Aaron Rodgers said 100 could be the progression in 2013.
And why not? Entering training camp last year, Cobb was just a budding talent who had earned a bigger role on the offense. He was not, however, a go-to threat. Entering training camp this year, not only has Cobb established himself as the Green Bay Packers' No. 1 receiver, but he's established himself as one of the NFL's top young stars.
The numbers speak themselves. Cobb's 80 receptions for 954 yards led the team, and they were part of Cobb leading the league and setting a franchise record with 2,342 total yards. Receiving, returning and even rushing, Cobb became the prized chess piece among a group of established, veteran playmakers on offense.
Still, Cobb hasn't fulfilled his immense promise.
"I think he definitely has a lot more growth in front of him," coach Mike McCarthy said. "And it's exciting, for how productive he's been as a young player."
Or, as receivers coach Edgar Bennett put it, "He can do so much more."
It starts with catching the ball consistently. About the only ding you can put on Cobb's 2012 resume are his 11 dropped passes. That ranked seventh among NFL receivers, according to ProFootballFocus.com. His drop rate of 12.1 percent of catchable passes ranked eighth.
If he can cut that number in half, Cobb will be up to 85 catches. If he can stay on the field for all 16 games rather than missing the final six quarters of the regular seasons, Cobb likely will add another five-plus catches. That would push him upward of 90. As a proven playmaker, Cobb likely won't have back-to-back one-catch games, like he did in Weeks 2 and 3. That could get him to the 100-catch target.
Now, consider Cobb's quickness gives him an edge in beating press coverage, and consider that Greg Jennings and Donald Driver no longer are in the picture, and it's easy to see how Cobb 100 receptions might actually be a modest goal.
Rodgers and Cobb have formed a special chemistry. In both seasons, Cobb finished second in the NFL among receivers in catch percentage, according to Pro Football Focus. With rates of 80.6 percent in 2011 and 78.4 percent in 2012, Cobb's two-year total is 78.9 percent. Percy Harvin is a distant second at 74.9 percent.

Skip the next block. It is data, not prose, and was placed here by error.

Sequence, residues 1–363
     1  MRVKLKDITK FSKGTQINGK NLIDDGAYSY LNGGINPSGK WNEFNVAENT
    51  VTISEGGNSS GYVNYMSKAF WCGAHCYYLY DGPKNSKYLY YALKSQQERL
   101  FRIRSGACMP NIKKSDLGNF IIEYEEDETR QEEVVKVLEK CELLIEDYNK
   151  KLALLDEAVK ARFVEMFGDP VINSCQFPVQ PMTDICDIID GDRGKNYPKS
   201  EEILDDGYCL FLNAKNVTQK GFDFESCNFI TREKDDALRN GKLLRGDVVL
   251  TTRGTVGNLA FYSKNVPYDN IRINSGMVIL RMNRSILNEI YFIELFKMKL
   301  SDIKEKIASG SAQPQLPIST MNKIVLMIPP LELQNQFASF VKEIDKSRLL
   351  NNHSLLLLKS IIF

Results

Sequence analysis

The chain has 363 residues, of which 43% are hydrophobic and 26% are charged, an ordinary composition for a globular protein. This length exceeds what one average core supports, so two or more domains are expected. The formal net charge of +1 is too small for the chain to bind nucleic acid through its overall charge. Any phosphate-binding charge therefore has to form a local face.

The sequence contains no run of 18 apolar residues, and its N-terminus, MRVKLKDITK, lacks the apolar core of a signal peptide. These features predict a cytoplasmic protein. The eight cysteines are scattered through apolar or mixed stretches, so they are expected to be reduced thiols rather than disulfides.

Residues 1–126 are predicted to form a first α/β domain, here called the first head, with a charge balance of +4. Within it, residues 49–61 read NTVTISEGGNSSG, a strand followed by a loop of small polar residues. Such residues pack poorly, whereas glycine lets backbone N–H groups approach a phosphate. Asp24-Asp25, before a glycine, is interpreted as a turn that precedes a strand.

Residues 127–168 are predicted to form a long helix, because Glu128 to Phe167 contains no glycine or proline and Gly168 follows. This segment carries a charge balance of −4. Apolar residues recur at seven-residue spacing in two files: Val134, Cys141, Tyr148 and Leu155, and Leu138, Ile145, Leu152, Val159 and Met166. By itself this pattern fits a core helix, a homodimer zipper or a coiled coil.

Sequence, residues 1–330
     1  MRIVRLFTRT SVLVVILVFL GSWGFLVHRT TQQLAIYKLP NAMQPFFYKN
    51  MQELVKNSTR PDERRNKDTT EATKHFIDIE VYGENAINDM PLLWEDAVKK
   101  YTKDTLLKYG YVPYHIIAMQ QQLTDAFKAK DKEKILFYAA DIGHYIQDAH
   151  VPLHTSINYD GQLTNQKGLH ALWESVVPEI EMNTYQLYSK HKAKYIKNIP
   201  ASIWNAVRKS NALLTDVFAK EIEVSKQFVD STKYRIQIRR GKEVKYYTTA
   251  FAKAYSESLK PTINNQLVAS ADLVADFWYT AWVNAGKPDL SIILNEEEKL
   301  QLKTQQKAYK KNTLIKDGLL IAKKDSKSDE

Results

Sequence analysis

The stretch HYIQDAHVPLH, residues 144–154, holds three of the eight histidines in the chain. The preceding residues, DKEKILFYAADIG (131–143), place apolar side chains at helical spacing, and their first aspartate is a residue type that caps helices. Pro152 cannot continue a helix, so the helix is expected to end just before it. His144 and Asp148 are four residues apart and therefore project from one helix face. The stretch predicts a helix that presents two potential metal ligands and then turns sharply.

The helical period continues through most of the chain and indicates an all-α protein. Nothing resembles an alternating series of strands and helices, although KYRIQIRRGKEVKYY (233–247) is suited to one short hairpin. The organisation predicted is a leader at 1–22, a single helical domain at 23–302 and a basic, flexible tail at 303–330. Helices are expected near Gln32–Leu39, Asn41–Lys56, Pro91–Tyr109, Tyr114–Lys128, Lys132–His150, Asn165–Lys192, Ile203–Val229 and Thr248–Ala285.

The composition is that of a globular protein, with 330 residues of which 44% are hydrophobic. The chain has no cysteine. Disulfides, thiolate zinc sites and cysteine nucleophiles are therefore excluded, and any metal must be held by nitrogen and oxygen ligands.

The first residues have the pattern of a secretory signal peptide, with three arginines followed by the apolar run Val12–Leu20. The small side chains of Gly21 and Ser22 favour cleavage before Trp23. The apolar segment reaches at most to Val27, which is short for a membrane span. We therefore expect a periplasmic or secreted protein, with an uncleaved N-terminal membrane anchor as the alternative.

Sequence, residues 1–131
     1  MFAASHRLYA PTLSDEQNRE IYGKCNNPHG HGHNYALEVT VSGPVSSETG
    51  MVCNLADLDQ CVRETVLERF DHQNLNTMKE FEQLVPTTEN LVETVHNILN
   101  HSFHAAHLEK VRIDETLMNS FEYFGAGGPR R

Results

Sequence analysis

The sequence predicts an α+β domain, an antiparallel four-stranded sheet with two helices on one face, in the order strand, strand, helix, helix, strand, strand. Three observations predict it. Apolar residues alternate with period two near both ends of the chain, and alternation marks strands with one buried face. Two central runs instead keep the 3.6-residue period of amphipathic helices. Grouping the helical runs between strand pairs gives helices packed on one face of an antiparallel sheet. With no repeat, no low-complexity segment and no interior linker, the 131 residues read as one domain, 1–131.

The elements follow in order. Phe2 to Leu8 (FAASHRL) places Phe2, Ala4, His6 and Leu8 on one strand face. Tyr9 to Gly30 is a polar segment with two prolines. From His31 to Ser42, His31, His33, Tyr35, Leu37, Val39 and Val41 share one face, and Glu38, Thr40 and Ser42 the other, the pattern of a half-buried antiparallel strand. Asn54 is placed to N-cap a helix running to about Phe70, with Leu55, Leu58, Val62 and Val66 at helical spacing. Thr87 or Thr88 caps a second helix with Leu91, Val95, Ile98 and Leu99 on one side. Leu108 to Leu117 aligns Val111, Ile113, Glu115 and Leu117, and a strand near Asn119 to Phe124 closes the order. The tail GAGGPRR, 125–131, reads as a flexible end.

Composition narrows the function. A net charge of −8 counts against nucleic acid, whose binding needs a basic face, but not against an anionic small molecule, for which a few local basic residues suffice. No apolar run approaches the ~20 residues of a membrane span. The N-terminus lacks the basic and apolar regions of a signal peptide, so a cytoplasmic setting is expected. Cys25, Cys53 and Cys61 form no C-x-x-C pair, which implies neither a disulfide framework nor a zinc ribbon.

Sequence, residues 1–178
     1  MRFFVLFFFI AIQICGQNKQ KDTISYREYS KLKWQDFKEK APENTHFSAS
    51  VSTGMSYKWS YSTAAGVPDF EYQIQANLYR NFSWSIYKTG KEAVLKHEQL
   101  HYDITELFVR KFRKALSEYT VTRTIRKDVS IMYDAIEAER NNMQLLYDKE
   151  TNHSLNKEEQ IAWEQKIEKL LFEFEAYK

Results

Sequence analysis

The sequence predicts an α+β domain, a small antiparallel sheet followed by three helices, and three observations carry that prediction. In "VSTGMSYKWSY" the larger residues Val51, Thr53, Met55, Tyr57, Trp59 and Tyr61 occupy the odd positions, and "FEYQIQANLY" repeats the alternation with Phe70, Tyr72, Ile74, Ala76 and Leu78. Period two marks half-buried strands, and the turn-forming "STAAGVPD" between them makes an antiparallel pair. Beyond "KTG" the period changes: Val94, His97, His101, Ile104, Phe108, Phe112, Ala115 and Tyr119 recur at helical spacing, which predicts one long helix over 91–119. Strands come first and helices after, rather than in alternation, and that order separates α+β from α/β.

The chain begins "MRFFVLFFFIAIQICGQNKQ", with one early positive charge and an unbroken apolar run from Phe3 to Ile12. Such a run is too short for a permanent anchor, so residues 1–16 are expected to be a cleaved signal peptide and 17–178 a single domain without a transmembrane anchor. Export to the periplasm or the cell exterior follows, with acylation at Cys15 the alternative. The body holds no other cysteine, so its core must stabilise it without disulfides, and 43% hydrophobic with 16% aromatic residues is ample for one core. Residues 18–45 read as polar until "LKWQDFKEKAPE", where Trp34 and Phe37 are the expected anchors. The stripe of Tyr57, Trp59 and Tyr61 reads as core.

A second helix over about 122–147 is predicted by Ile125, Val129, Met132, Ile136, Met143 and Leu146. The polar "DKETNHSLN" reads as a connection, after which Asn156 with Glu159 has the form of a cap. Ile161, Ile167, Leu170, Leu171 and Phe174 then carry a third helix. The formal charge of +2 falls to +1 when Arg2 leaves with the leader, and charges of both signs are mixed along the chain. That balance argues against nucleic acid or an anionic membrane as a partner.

Once he gets the ball, Cobb is a nightmare for defenses. He finished ninth with 467 yards after the catch and fourth with 15 missed tackles, according to ProFootballFocus.com.
To improve his unit, Bennett has had his receivers studying other receivers around the league. That's been a benefit for Cobb, even after watching and learning from Driver and Co. for the past couple seasons.
"Being able to watch guys on film, watch their releases, watch how they beat certain coverages, how they beat man-to-man press with certain routes, the way they work out of their cuts on top of their breaks, just different things in their route-running principles that I'm trying to build on," Cobb said.
The big decision involving Cobb will be whether he'll remain in the return role in either a full- or part-time capacity. With only three proven receivers on the roster, it's logical that Cobb will be removed from return duty. However, the NFL is about field position and Cobb routinely delivers. He's the only player in NFL history with 900 receiving yards and 900 kickoff-return yards in one season.
"Really, his special-teams responsibility is really up to his teammates," McCarthy said. "There's opportunity there for others to compete and perform … and hopefully take Randall's place. Now, we've been very productive on special teams, (and) Randall is a big part of that. It's really the approach that I like to play the football game. Field position is an important statistic and it is an important component of winning football games. We're definitely a different team when Randall is a returner."
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Bill Huber is publisher of Packer Report magazine and PackerReport.com and has written for Packer Report since 1997. E-mail him at email@example.com, or leave him a question in Packer Report's subscribers-only Packers Pro Club forum. Find Bill on Twitter at twitter.com/PackerReport.